Nothing in the above regulatory regime is connected to how much service is provided, how much power is delivered or any other metric of performance. TOs could deliver twice as much power but would get nothing for it. The actual facilities for power flow control or DLR could easily be incorporated into transmission rate base, but that is not enough; the tiny fraction of total rate base invested in the equipment makes the whole system more efficient, and those savings need to be leveraged to give appropriate incentive to employ them.
If we want TOs to deliver more power, we need to give them a reason. It is not their fault they are following the incentives that have been established for them. If we help them change the incentives, they might keep a portion of the economic savings created.
FERC can change the incentive structure. FERC has full jurisdiction over the rates, terms and conditions of service for these TOs. FERC uses performance-based rates in its regulation of oil pipelines so it can be done within its authority. In its regulation of gas pipelines and transmission service outside of RTOs/ISOs, revenues are a function of the volume of service (such as dollars per mmbtu or dollars per megawatt-hour), so there is some incentive to increase delivery. It needs to find that rates are just, reasonable and not unduly discriminatory or preferential. If the efficiency savings are as much as studies indicate, there will be plenty of savings to share between transmission customers and TO shareholders while providing more service to wind generators and others.
FERC’s authority to provide incentives was significantly strengthened and clarified by the Energy Policy Act of 2005: “The Commission shall establish, by rule, incentive-based (including performance-based) rate treatments for the transmission of electric energy … reducing the cost of delivered power by reducing transmission congestion … The rule shall … encourage deployment of transmission technologies and other measures to increase the capacity and efficiency of existing transmission facilities and improve the operation of the facilities.”
Some willingness to innovate in regulatory policy will be needed by the new commissioners. FERC is an extremely precedent-driven organization. In the same way that people do not get fired for doing things the same way as before, FERC orders do not tend to get overturned by courts if they are following precedent. Innovation is not exactly FERC’s forte.
The EPAct provision above was implemented but failed to result in any change in the incentives for grid utilization. The main focus of FERC’s implementation in Order 679 was on grid expansion, not grid utilization. And the effort devolved into a mere determination of ROE adders, and opponents of higher ROEs succeeded in getting FERC to limit ROE incentives, so the structure is pretty much back to where it started before the EPAct.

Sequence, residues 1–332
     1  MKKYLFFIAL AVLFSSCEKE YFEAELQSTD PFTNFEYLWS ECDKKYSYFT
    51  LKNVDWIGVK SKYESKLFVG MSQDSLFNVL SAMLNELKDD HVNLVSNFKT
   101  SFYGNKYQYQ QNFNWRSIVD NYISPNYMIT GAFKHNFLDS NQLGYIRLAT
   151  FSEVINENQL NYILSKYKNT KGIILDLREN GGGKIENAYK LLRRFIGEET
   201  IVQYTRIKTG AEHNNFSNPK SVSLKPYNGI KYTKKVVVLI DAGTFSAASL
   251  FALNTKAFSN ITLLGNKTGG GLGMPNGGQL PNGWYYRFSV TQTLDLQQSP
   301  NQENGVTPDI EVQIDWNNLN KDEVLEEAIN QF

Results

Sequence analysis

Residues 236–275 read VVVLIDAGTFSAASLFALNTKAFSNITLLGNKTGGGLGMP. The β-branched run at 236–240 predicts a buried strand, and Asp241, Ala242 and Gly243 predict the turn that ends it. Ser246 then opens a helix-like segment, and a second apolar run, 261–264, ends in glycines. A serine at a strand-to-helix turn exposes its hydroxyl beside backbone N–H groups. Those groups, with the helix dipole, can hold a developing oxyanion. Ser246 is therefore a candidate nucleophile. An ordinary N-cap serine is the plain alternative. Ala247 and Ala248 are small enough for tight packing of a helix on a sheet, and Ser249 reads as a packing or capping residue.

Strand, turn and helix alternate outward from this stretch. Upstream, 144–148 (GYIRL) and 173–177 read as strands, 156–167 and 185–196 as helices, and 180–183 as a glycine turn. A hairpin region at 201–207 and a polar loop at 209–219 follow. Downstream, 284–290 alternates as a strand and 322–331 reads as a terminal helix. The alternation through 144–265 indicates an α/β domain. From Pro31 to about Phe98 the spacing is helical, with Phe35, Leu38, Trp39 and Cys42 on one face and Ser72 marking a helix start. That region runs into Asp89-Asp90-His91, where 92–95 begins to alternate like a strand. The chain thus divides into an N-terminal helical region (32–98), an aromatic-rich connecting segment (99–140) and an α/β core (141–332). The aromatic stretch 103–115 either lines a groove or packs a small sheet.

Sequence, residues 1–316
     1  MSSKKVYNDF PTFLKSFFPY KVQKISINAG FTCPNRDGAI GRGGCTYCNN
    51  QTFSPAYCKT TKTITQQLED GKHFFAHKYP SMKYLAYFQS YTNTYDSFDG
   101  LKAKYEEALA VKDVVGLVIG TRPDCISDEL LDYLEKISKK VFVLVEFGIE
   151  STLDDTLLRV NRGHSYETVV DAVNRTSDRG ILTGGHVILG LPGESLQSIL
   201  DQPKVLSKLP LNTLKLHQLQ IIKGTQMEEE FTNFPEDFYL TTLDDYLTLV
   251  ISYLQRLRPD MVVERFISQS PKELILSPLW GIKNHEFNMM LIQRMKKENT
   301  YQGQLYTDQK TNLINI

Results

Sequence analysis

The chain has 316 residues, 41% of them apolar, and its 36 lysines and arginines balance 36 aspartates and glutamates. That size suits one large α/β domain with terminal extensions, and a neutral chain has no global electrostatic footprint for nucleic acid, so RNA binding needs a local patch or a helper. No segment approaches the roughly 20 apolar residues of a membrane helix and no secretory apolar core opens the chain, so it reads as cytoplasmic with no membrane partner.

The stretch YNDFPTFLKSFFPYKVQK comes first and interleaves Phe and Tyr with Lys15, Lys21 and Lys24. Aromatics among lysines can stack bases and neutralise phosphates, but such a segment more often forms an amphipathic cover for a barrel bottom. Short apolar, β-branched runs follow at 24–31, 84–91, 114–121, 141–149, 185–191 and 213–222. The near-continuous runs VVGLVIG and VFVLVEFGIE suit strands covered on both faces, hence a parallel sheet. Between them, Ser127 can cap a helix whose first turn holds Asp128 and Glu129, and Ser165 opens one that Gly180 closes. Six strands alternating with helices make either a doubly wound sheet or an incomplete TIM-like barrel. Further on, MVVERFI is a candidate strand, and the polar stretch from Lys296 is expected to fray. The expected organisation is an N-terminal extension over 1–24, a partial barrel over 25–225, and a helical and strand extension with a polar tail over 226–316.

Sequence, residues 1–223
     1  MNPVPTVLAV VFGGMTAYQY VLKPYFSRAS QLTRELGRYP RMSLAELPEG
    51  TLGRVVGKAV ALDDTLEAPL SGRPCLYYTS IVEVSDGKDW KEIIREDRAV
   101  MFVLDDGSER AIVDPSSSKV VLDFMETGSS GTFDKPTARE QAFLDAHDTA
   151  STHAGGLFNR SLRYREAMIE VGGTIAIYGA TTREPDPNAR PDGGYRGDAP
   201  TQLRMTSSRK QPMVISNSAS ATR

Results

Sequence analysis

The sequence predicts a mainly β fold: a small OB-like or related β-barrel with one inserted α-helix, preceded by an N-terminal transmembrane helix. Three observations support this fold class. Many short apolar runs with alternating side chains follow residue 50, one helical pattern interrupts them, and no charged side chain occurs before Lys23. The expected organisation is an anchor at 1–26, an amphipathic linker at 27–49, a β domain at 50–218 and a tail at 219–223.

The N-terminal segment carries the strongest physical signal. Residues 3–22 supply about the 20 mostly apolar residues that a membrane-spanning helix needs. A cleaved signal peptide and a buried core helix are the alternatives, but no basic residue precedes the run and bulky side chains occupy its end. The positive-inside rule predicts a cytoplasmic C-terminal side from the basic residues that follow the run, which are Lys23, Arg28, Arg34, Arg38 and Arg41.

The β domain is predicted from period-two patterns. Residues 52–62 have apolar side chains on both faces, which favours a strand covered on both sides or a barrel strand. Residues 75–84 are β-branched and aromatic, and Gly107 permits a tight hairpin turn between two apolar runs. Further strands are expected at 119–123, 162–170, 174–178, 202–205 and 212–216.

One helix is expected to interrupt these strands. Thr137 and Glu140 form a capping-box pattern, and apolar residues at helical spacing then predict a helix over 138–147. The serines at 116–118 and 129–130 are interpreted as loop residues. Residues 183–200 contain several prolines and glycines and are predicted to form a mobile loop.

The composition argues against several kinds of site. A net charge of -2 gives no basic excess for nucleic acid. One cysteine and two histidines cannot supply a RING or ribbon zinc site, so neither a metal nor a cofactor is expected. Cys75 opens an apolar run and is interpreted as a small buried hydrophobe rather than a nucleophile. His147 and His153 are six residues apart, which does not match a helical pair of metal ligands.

The wind industry has an opportunity for regulatory innovation as four new FERC commissioners take their seats on the commission. First, the commission could allow a performance metric of congestion as an adder/subtractor above or below standard rates. The incentive could be ex ante, based on expected congestion and modeled congestion reductions, or ex post, based on actual congestion relative to expected levels. It need not be a whole new regime that tosses out formula rates, which are firmly entrenched at this point. The great regulatory economist Alfred Kahn was fond of saying “all regulation is incentive regulation.” It would be a great start for FERC to recognize the incentive properties inherent in the current structure and open a process to consider modifications without necessarily taking on all the baggage from earlier “incentive ratemaking” attempts.
Another opportunity is the commission could require or encourage advanced technologies in transmission planning. Each region is required to have a transmission planning process. Those requirements are being reviewed in a process begun last year to review Order 1000. When Order 1000 was introduced in 2009 and when earlier planning requirements were installed in Order 2000 in 1999, these technologies were not ready for wide deployment. Order 1000 provided for “non-wires alternatives,” but these alternatives were described as demand response, storage and energy efficiency, not grid utilization technologies. If grid utilization isn’t “transmission” or a “non-wires alternative,” then the commission could require consideration of a third category called grid utilization improvements.
Finally, these technologies could be options in the interconnection process. A coalition of DLR providers submitted comments to FERC in the interconnection proposed rule proceeding requesting DLR as an option if transmission capacity were limited.
There are significant technological and economic opportunities to increase delivery of wind energy over existing lines ready to be deployed just when we need it.
To move these solutions forward, the wind industry will need to identify congested transmission systems that limit wind production and find TOs willing to try new technologies. Also, the wind industry needs to continue developing a tariff change to file with FERC that allows TOs to profit from the efficiency gains. These steps can all be made to avoid congestion and improve project economics soon before the problem worsens.
Rob Gramlich is the president of Washington, D.C.-based consultancy Grid Strategies LLC. He can be reached at (202) 821-6943 or email@example.com.